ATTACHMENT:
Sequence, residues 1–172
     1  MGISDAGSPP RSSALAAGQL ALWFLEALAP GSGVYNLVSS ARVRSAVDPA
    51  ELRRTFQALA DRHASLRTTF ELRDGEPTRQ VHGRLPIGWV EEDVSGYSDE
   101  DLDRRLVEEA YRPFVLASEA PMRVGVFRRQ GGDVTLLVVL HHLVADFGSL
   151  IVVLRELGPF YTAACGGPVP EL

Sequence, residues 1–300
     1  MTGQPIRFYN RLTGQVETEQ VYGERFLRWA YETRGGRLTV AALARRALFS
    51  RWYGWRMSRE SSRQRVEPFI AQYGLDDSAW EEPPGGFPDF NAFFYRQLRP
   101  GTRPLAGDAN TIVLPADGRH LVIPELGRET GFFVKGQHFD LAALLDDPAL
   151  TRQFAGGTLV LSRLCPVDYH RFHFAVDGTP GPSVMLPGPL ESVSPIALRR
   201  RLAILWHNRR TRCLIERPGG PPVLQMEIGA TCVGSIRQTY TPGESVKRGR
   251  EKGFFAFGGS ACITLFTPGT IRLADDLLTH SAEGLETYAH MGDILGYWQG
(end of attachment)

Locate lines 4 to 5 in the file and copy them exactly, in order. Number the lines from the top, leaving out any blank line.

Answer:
   101  DLDRRLVEEA YRPFVLASEA PMRVGVFRRQ GGDVTLLVVL HHLVADFGSL
   151  IVVLRELGPF YTAACGGPVP EL